Here are some materials that MS is circulating to promote the event. MS intends to use the occasion to show to the world the superiority of the MS race in quantum computing.

January 6, 2017

Pythonic Qubiter now has a quantum compiler. The Death Star doesn’t have one yet.

Filed under: Uncategorized — rrtucci @ 12:33 am

quantumsoftwaretwotypesAs I’ve mentioned many times before in this blog, Henning Dekant (in Toronto) and I (in Boston) founded about a year ago a quantum computer software company called Artiste-qb.netartiste-logo. Our two main products so far are the open source Python programs Quantum Fog and Qubiter. Both programs were originally written in C++, but now they have been rewritten in Python and improved in many ways. This blog post is to announce that the Pythonic version of Qubiter now has a quantum compiler. Hurray for the Rebel Alliance!

Quantum compilers have long been an interest of mine. As far as I know, I was the first one to use the term “quantum compiler” in a paper in the field of quantum computing. I did so in the following 1999 paper

https://arxiv.org/abs/quant-ph/9902062

By a quantum compiler I mean a software program that takes an ARBITRARY unitary matrix as input and decomposes it into a sequence of qubit rotations and CNOTs. In my opinion, quantum compilers that fit this description are useful, even necessary, if one wants to use quantum computers to do artificial intelligence. Because, whereas for most physics applications one can assume unitaries of the form U = e^{-itH} where H, the Hamiltonian, has a very special structure, in AI, the unitaries can have an ARBITRARY structure (not known a priori) that doesn’t come from a Hamiltonian with an a priori known structure.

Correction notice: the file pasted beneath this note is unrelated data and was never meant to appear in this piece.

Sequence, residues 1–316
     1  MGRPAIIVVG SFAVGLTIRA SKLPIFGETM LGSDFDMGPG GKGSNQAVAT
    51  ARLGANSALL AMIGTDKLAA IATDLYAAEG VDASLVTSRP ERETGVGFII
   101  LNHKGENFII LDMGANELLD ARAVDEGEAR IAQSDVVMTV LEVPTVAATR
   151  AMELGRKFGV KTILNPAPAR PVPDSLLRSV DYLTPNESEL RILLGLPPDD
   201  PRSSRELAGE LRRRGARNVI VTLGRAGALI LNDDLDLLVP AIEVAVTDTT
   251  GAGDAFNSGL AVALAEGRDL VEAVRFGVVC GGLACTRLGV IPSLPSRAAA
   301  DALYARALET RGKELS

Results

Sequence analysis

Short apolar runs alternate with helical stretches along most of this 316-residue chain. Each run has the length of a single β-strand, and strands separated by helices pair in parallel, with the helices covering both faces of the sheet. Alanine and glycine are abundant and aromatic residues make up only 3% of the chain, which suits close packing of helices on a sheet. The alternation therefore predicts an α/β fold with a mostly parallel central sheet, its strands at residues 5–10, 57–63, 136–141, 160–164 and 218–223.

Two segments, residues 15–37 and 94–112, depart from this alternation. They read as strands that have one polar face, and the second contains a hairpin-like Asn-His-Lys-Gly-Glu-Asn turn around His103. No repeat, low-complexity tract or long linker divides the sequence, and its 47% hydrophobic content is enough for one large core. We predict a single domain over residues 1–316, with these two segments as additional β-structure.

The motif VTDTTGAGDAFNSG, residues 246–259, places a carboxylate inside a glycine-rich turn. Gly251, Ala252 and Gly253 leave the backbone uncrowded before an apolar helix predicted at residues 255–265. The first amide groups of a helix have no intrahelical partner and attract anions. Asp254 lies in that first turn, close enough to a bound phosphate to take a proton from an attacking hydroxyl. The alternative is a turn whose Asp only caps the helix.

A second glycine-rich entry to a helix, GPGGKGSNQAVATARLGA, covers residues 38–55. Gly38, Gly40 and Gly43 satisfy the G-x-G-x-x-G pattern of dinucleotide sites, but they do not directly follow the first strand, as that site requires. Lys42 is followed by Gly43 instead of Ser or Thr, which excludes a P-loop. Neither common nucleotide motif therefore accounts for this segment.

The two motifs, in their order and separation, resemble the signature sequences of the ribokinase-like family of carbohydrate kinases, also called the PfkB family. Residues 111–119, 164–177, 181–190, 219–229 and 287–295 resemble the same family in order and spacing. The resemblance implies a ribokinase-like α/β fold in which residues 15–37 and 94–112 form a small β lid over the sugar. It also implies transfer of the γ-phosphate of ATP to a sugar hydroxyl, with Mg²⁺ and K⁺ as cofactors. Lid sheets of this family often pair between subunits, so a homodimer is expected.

That 1999 paper was the first one to propose using the CS decomposition of Linear Algebra to do quantum compiling. The C++ program Qubiter, which was first released open source simultaneously with the 1999 paper, was the first computer program that used the CS decomposition to do quantum compiling.

Since that 1999 paper, many papers have been written using the same CS decomposition algorithm as my paper, but not citing my work, because, truth be told, dishonesty is rampant among academic researchers.

Other papers have copied the term “quantum compiling” to refer to a task that is related but much less general than what I call quantum compiling, namely, the task of decomposing a single qubit rotation into a sequence of operations from a finite set of gates. The latter task is necessary for fault tolerant quantum computing and was first tackled by Solovay and Kitaev, but they did not refer to it as “quantum compiling”. Nobody did prior to my 1999 paper.